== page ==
Before my new book on career development, Take Charge of Your VIEW, launched last month, I was writing to you about the five key ingredients in the secret sauce that makes great teams. I took a break from this to let everyone know about my book release, but am now returning to let you know the remaining ingredients that lead to success.
A quick reminder, the first three ingredients are the need to inspire purpose, establish team norms and support each other.
Here are the final two ingredients:
Ingredient #4: Ownership
What I believe: when it comes to work, quality is love. My Nana’s sauce was delicious because she sweated the details: she hovered over the bubbling red liquid to ensure it simmered at just the right temperature, protected it from high heat, and focused her attention as she added salt or oregano.
Your work quality is your love. It reflects the time and energy you are willing to allocate to provide great service, produce a great product, be a great Manager/Leader.
Crucial to ownership is understanding that group quality is every individual team member’s job. Each team member is the one person ultimately responsible for their own tasks and when each individual achieves, the team as a whole achieves.
Tips you can use: In your next team meeting, ask each team member to describe what quality means to them. Tell them about why you are passionate about your work. What do you love? How can the team help one another demonstrate ownership for what you achieve together?
Ingredient #5: Trustworthiness
What’s the most important ingredient in the relationship between team members? Trust, you say?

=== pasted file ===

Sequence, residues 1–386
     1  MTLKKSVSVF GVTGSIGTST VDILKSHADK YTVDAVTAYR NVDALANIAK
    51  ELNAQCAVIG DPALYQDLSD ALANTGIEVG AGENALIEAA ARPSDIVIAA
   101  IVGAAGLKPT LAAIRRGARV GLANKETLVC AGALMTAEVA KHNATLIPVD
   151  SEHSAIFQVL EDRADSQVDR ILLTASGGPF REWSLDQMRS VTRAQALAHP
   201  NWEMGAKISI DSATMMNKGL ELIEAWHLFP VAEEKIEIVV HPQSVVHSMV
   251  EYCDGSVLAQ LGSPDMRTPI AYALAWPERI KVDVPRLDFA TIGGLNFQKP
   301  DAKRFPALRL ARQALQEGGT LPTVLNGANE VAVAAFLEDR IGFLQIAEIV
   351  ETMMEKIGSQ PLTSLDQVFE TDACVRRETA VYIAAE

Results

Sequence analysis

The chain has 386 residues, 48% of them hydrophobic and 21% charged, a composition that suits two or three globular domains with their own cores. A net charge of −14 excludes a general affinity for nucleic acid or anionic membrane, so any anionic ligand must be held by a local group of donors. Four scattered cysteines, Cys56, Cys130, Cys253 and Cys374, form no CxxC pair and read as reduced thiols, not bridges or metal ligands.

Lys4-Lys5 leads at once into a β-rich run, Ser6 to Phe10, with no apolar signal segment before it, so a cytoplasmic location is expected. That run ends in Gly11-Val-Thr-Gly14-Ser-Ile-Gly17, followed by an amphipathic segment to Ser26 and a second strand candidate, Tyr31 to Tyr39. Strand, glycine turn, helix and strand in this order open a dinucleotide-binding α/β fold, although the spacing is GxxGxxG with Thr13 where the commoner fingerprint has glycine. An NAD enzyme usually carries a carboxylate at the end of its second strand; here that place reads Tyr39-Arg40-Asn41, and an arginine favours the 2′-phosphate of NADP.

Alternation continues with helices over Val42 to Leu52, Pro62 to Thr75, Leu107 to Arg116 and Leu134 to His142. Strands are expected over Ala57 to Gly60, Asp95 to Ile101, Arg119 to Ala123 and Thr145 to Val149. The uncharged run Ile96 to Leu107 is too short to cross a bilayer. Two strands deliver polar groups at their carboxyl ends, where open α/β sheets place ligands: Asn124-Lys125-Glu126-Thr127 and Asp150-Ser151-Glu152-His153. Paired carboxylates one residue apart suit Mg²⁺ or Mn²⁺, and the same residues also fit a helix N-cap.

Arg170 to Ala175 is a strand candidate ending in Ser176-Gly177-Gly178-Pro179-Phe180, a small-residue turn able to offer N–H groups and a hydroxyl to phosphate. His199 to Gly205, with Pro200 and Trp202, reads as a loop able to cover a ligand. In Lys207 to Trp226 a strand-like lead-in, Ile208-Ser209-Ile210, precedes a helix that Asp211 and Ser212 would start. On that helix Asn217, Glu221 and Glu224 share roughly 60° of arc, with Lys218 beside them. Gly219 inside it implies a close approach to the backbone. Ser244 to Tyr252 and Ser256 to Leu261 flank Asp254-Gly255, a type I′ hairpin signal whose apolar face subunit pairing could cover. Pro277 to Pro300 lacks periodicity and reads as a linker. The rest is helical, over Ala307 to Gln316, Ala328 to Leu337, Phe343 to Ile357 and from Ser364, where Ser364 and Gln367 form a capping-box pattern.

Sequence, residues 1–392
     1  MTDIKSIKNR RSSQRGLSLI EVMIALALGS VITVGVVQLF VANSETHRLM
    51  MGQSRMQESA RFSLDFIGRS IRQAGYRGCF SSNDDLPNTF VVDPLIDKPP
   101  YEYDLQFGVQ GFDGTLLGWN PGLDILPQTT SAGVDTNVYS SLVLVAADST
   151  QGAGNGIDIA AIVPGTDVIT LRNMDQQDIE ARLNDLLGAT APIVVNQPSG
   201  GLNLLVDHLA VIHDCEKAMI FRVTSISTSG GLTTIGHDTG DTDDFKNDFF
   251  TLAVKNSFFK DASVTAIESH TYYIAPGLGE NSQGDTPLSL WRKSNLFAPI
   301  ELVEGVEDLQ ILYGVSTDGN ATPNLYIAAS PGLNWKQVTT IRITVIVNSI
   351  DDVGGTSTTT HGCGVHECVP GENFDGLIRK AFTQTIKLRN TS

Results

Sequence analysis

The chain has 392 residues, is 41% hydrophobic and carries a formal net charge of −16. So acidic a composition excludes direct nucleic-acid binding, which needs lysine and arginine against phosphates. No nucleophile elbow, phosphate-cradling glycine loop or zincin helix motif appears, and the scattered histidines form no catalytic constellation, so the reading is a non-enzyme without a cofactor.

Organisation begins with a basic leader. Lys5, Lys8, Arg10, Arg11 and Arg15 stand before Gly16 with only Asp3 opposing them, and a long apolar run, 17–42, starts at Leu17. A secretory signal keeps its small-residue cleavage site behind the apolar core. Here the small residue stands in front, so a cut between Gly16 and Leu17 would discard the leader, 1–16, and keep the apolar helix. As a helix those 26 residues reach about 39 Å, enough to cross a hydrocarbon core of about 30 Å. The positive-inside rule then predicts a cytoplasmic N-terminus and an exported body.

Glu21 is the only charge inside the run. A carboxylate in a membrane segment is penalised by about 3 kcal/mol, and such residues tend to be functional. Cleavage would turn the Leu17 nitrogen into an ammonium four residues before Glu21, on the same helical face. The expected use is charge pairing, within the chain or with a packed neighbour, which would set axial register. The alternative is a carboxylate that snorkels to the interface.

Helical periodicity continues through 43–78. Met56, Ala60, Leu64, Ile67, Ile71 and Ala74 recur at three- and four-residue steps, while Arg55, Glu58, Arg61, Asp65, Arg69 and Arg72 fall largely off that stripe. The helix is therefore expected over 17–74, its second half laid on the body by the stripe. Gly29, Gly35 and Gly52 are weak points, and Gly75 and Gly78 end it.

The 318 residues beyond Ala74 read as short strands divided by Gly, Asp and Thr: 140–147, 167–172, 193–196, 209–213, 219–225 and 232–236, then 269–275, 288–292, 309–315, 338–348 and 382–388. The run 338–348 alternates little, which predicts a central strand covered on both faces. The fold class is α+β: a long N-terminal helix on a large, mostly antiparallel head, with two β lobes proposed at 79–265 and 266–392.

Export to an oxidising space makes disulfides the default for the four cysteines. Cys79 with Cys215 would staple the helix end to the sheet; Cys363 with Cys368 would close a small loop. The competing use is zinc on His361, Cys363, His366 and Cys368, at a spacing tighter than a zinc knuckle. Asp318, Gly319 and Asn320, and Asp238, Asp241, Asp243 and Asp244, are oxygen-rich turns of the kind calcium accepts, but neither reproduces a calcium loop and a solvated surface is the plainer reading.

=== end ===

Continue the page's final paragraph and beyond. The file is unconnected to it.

Philosopher Onora O’Neill respectfully disagrees. Focusing on trust “gets the equation backwards,” O’Neill says in her TedTalk. Trust is something other people earn from you. Trustworthiness, on the other hand, is something you earn from other people.
O’Neill defines trustworthiness as your capacity to consistently demonstrate three qualities, being:
- Reliable: you follow through with commitments and keep promises.
- Sincere: you are transparent about your motives.
- Competent: you demonstrate the skills needed to get the job done.
Instead of worrying about how your colleagues need to earn your trust, be the kind of person that your colleagues trust. You will not only get more done together, but will have more fun doing it.
Tips you can use: In your next team meeting, ask team members to describe how they can personally demonstrate more trustworthiness.
That’s a wrap! Thanks for going on this journey with me to uncover the 5 key ingredients in the secret sauce of great teams:
- Inspiring Purpose
- Team Norms
- Supporting Each Other
- Ownership of the Work
I hope you’ve taken away some useful insights and practical tips.
In the meantime, I wish you and your teams much satisfaction and success, wherever you are in your journey.